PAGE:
Tag Archives: Stephen Fowl

Fowl, Theological Interpretation of Scripture (Review)

Stephen-FowlFowl, Stephen E., Theological Interpretation of Scripture: A Short Introduction (Milton Keynes, Paternoster, 2009).

Stephen Fowl describes his little book as a ‘companion’ to the theological interpretation of Scripture with the twin tasks of first, exploring some ‘connections between this long-running and essential Christian practice’ and more recent scholarship around the issue, and second, to help readers navigate their way through the contemporary literature (x). The first of five chapters lays the foundation by providing a short description of the nature and role of Scripture in God’s drama of salvation. Fowl finds that christological approaches to the nature of Scripture disconnect theological construction from the interpretation of Scripture, and so suggests a new model of understanding the nature of Scripture is required. He adopts John Webster’s approach of locating Scripture within the triune economy so that for Christians, ‘the ends of reading, interpreting, and embodying Scripture are determined decisively by the ends of God’s self revelation, which are directed towards drawing humans into ever-deeper communion with the triune God and each other’ (6-7).

The second chapter locates theological interpretation with respect to other concerns including history and historical criticism, biblical theology, reading the Old Testament as Christian Scripture, and philosophical hermeneutics. The key issue in all these discussions is the insistence that the Bible is church’s book with the result that theological concerns and ends are primary to all others. Theology is not merely the result of biblical study but plays a regulative function in the hermeneutical process. In his treatment of the question of history and historical criticism, for example, Fowl contrasts modern and pre-modern modes of biblical study. Whereas the latter was ordered toward ‘helping Christians achieve their proper end in God,’ modern biblical study grants priority to historical rather than theological concerns (16). Rather than viewing Scripture as providing a true interpretation of reality, Scripture is now read and interpreted in light of what we know of the so-called ‘real world.’ This reversal of the relationship between text and world not only requires historical criticism but pushes theological concerns to the margins (18-20). Fowl would not banish historical criticism but would see its hegemony in biblical studies overthrown. Historical study remains valid and important, nevertheless ‘granting theological concerns priority will involve a return to the practice of using Scripture as a way of ordering and comprehending the world rather than using the world as a way of comprehending Scripture’ (23). So, too, Fowl would displace authorial intent from a position of primacy in biblical interpretation, suggesting that Christians will want to read texts such as Isaiah 7:14 in the light of Christ, and John 1 in the light of Nicaea, the communicative intent of the prophet and apostle notwithstanding (49). In a telling comment Fowl insists that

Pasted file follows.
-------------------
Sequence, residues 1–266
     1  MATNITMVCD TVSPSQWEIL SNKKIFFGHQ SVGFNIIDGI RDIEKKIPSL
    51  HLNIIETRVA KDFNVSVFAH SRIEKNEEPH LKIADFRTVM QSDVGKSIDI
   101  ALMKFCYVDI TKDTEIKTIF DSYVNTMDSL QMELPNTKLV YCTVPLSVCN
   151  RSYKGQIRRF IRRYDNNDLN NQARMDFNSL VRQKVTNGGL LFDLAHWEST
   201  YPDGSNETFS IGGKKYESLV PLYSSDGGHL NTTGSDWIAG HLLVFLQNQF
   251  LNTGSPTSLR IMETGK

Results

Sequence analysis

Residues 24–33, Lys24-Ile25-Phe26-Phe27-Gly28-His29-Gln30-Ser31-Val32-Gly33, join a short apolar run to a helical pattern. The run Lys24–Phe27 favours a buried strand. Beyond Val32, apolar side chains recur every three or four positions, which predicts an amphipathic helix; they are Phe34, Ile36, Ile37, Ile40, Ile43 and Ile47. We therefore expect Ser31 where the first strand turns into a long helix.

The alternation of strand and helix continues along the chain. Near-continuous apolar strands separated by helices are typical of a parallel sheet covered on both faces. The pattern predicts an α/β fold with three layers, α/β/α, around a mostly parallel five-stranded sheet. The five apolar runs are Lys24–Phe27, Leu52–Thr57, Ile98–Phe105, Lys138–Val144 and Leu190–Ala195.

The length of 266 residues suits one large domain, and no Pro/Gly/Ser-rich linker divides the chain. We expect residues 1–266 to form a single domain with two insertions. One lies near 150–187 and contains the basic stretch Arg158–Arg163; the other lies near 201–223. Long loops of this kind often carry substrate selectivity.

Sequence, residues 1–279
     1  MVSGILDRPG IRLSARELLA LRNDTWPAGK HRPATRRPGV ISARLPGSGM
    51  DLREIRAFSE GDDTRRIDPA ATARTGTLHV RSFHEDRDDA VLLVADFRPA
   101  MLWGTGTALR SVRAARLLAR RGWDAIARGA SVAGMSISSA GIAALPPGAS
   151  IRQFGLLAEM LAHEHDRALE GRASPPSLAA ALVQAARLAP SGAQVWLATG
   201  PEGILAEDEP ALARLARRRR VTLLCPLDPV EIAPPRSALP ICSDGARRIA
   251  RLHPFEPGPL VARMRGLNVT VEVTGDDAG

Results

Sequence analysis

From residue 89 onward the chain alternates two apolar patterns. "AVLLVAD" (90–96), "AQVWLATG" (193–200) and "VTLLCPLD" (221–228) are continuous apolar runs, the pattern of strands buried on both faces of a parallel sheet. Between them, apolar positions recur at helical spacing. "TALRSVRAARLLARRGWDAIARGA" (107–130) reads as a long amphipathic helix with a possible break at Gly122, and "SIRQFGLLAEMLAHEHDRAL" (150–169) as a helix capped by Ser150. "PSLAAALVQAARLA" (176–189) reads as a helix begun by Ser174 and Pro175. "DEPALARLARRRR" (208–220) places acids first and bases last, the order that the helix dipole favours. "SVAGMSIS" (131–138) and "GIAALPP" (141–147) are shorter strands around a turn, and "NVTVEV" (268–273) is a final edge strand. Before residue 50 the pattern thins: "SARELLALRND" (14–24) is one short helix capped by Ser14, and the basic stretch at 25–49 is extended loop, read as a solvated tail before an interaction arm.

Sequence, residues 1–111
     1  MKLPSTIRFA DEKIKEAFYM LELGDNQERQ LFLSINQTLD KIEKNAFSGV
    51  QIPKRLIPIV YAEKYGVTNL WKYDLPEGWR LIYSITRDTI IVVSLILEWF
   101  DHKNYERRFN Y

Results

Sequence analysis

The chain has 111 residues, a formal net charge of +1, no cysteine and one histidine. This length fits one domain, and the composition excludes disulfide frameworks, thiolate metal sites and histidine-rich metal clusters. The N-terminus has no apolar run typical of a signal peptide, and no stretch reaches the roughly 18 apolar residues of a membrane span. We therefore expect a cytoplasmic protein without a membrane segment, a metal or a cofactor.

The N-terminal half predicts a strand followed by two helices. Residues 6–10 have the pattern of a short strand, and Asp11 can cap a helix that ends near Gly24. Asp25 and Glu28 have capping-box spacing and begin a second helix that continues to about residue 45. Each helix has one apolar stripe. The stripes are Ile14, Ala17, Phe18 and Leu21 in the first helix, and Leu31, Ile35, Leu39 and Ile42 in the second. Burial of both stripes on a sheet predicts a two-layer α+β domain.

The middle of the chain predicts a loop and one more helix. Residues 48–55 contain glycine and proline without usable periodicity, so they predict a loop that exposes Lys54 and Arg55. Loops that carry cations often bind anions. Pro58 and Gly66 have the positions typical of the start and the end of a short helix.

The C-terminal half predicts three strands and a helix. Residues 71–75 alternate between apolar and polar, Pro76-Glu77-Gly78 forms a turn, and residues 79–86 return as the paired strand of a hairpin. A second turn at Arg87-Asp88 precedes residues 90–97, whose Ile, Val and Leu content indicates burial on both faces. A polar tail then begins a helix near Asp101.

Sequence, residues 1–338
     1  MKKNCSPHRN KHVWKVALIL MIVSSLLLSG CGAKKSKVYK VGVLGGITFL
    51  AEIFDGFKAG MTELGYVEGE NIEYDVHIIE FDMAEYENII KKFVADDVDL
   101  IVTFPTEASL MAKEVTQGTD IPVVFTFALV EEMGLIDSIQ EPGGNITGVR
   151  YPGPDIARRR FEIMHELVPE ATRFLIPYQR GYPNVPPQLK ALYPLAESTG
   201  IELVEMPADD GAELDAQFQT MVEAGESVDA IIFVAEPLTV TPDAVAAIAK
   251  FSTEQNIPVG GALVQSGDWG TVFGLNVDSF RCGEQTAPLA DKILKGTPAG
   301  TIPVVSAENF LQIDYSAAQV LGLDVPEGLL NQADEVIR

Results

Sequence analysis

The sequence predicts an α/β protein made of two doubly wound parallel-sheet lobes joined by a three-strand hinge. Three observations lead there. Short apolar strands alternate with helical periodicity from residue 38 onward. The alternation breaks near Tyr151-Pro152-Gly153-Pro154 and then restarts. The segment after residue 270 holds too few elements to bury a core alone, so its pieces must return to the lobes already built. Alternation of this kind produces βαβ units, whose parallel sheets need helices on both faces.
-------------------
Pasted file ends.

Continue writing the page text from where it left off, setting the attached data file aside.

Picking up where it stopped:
Rather than rely on hermeneutics to combat interpretive anarchy and sinful interpretation, believers should seek to regulate these tendencies ecclesially. In short, we should not ask philosophy to do the church’s work (51).Fowl, THEOLOGICAL_INTERPRETATION_OF_SCRIPTURE

The third chapter identifies several key practices and habits of theological interpretation. Here Fowl suggests believers attend to pre-modern modes of interpretation, especially those where the interpretations issued in ‘masterful performances’ whereby the saints were drawn into ever deeper communion with God and neighbour (54-56). He also argues for ‘figural’ readings of the text, where ‘literal’ readings may not provide a sharp enough vision to account for the world in which we live. Note, however, that Fowl’s description of a ‘literal’ reading of Scripture is “the meanings conventionally ascribed to a passage by Christian communities” (56-57). The final set of practices are not so much practices of interpretation as practices to help the Christian community as it actually interprets Scripture and so inevitably finds itself confronted with different interpretations and the threat of division. These practices include truth seeking and telling, repentance, forgiveness and reconciliation, and finally, patience, both toward one another in the community, and toward God, in confidence that God will ultimately bring the community to its ultimate end in Christ (64-70).

The final two chapters survey issues and prospects for the future, and provide an annotated bibliography that considers some of the key scholars and contributions to the somewhat ‘chaotic party’ that makes up the present interest in theological interpretation. Perhaps the most interesting points here are Fowl’s call for a great deal more cross-fertilisation and robust argument between theologians and biblical scholars, as well as more reflection on how the sermon might become a mode for serious theological interpretation of Scripture (72-73).